Master of Science
Luke, Patrick P.
Introduction: Frailty and sarcopenia are related concepts that can impact outcomes after kidney transplantation. Measures of these two entities and new/emerging metrics of sarcopenia remain to be validated.
Methods: In a prospective cohort study, kidney and kidney-pancreas transplant recipients were assessed at the time of transplant with the Physical Frailty Phenotype, bioimpedance analysis, quadriceps muscle layer thickness (QMLT), and CT. The impact on length of stay (LOS), prediction of frailty/sarcopenia, and relative concordance of metrics were analyzed.
Results: Low QMLT, a putative surrogate of sarcopenia/frailty, was more frequently associated with longer LOS (>14 days) after transplant. Additionally, QMLT was predictive of low muscle mass but insufficient at discriminating true sarcopenia, while CT of the abdominal muscles at the L3 level showed good discrimination for sarcopenia.
Conclusions: Further exploration of QMLT and cut-offs for CT and functional metrics in the transplant population are required for future studies and risk stratification.
Summary for Lay Audience
Kidney failure leaves patients dependent upon either dialysis or kidney transplant to stay alive. While waiting for transplant, patients can become frail due to age, co-morbid disease, or kidney failure itself. Frailty leads to susceptibility to disease and complications from illness and surgery. Underpinning frailty is sarcopenia, or the loss of muscle characterized by both loss of muscle mass, and strength; having good strength with lower overall muscle mass does not make one sarcopenic.
The relationship between frailty, sarcopenia and the outcomes of kidney transplant, were explored. We studied the utility of using ultrasound measurement of thigh muscles to see if muscle thickness could identify frailty and sarcopenia, and if it could predict how long someone stayed in hospital after transplant. Overall, people with thicker/more muscle had shorter stays in hospital than those with less muscle in the thighs, with an average of 4 days less in hospital (8 vs. 12 days). While significant, those with thicker thigh muscles more often had someone donate a kidney to them, rather than receiving a deceased donor kidney. It is known that living donor recipients have shorter hospital stays, so the impact of thigh muscle thickness is difficult to interpret. Thigh muscle thickness was not clearly associated with frailty, but it did show correlation with low overall muscle mass. Despite this, thigh muscle thickness did not reliably predict sarcopenia, which relies on both muscle mass and function.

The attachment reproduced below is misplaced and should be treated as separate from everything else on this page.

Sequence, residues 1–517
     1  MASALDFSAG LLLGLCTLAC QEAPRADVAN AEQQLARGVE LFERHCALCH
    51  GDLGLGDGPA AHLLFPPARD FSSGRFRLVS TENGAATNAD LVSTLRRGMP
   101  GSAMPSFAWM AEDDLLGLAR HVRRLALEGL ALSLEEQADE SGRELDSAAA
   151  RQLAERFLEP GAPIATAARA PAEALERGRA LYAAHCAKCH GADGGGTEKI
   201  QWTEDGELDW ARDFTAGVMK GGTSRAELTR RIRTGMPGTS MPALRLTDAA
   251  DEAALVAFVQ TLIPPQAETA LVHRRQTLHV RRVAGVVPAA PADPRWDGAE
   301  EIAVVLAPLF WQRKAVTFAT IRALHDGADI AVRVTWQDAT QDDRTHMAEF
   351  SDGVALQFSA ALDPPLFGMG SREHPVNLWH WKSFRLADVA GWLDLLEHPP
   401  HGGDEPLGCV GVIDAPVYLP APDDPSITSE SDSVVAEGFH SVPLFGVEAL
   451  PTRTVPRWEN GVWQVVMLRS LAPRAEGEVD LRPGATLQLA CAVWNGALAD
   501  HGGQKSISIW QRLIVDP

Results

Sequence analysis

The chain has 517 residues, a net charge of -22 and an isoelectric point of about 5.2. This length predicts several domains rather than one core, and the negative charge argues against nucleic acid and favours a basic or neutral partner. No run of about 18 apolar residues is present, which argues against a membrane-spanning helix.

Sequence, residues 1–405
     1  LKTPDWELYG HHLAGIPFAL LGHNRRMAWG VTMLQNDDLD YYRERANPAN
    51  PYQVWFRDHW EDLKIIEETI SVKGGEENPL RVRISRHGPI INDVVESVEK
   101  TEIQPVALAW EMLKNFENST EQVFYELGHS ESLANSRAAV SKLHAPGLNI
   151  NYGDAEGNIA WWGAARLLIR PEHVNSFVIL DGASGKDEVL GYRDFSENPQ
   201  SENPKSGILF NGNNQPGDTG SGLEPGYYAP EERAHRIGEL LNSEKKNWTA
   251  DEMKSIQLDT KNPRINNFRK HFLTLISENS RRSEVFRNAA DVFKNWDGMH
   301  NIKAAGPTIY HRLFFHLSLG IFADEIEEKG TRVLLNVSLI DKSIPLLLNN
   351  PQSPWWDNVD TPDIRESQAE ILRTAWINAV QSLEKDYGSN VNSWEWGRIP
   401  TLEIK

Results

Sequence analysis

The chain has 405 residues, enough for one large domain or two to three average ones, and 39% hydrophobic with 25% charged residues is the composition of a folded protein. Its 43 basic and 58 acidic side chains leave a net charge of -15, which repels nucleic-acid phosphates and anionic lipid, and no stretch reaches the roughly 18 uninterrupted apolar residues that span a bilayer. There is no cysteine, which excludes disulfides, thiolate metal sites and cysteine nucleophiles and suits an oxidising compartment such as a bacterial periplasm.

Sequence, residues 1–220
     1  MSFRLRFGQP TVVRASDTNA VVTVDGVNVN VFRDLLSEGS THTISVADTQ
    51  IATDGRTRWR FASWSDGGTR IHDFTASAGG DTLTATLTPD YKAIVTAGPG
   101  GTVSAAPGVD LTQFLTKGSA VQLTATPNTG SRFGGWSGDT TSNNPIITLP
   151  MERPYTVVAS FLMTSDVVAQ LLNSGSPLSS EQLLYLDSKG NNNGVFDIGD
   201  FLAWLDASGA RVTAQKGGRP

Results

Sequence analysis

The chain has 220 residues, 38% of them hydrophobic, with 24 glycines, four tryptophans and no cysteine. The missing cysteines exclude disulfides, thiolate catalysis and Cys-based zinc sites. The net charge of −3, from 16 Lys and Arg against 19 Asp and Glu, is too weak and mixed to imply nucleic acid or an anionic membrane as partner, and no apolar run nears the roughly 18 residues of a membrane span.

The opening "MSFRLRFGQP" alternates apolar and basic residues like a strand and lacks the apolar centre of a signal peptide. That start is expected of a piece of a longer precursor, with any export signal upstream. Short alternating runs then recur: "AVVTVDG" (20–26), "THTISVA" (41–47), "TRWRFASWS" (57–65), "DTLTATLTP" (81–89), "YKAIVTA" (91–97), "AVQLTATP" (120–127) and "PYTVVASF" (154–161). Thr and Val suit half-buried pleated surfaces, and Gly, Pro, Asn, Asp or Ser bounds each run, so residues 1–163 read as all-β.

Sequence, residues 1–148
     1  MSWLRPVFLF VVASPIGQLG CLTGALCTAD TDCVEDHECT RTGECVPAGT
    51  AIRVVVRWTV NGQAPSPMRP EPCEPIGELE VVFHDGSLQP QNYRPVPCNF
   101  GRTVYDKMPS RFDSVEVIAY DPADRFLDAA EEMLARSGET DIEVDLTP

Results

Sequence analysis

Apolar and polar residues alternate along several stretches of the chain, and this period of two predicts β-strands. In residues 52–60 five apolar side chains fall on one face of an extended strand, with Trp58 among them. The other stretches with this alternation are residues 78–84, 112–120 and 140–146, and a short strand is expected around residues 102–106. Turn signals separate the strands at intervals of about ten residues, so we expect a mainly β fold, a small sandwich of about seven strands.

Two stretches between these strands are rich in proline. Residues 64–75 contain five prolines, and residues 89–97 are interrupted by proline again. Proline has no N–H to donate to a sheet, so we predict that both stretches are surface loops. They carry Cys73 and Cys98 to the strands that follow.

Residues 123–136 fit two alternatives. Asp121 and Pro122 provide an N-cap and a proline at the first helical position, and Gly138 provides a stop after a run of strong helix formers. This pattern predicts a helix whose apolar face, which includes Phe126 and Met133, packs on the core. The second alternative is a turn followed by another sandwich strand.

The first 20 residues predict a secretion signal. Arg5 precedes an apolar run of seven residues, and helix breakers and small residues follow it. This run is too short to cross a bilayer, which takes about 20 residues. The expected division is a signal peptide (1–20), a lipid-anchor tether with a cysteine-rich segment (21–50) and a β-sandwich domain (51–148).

Valid measures for identifying sarcopenia in those undergoing transplant are evolving, so we explored how well different measures of sarcopenia compared to CT scan data. We measured the total cross sectional area of the muscles in the torso/core and compared these values to our other measures of muscle (using a body composition analyzer), and strength and walking speed as measures of muscle function. CT provided a relatively good ability to identify sarcopenia (both low muscle mass and strength), with analysis of a single CT picture. This holds promise for refining how we identify patients with sarcopenia in both research and clinical practice with the aim to provide ways of treating/preventing sarcopenia in the future.
Levine, Max A., "Quadriceps Muscle Layer Thickness in Kidney Transplant Recipients: A Potential Measure of Frailty and Sarcopenia" (2020). Electronic Thesis and Dissertation Repository. 7004.
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